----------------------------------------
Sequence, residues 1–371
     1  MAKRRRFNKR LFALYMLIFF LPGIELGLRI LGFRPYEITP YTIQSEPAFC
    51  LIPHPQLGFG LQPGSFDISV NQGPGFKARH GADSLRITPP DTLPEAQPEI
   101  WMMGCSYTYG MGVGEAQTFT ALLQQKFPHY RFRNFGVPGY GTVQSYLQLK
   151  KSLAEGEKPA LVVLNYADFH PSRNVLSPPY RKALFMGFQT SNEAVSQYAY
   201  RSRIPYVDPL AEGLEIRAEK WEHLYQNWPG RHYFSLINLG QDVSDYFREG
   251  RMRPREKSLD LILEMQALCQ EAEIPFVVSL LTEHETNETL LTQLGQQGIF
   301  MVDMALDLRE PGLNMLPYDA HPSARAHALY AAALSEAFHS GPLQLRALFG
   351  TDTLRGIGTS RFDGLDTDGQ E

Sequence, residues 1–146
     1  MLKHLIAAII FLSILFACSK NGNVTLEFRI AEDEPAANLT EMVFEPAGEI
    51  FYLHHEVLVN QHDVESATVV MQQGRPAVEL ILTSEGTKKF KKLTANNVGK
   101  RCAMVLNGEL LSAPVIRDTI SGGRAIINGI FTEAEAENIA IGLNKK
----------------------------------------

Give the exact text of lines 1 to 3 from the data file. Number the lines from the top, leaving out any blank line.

Sequence, residues 1–371
     1  MAKRRRFNKR LFALYMLIFF LPGIELGLRI LGFRPYEITP YTIQSEPAFC
    51  LIPHPQLGFG LQPGSFDISV NQGPGFKARH GADSLRITPP DTLPEAQPEI